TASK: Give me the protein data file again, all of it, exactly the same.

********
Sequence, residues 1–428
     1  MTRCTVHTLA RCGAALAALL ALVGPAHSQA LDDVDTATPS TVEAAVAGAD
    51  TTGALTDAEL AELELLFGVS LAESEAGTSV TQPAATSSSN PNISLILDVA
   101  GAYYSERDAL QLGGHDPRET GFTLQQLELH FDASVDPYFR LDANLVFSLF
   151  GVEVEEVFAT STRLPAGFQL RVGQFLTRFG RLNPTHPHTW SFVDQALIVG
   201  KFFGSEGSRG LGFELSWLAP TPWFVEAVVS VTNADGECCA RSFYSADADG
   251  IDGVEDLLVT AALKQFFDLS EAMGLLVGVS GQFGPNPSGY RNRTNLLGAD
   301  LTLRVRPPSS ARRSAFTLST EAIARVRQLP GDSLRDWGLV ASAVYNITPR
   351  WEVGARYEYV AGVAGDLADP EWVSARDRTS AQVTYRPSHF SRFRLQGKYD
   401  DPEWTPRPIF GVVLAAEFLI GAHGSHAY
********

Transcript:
Sequence, residues 1–428
     1  MTRCTVHTLA RCGAALAALL ALVGPAHSQA LDDVDTATPS TVEAAVAGAD
    51  TTGALTDAEL AELELLFGVS LAESEAGTSV TQPAATSSSN PNISLILDVA
   101  GAYYSERDAL QLGGHDPRET GFTLQQLELH FDASVDPYFR LDANLVFSLF
   151  GVEVEEVFAT STRLPAGFQL RVGQFLTRFG RLNPTHPHTW SFVDQALIVG
   201  KFFGSEGSRG LGFELSWLAP TPWFVEAVVS VTNADGECCA RSFYSADADG
   251  IDGVEDLLVT AALKQFFDLS EAMGLLVGVS GQFGPNPSGY RNRTNLLGAD
   301  LTLRVRPPSS ARRSAFTLST EAIARVRQLP GDSLRDWGLV ASAVYNITPR
   351  WEVGARYEYV AGVAGDLADP EWVSARDRTS AQVTYRPSHF SRFRLQGKYD
   401  DPEWTPRPIF GVVLAAEFLI GAHGSHAY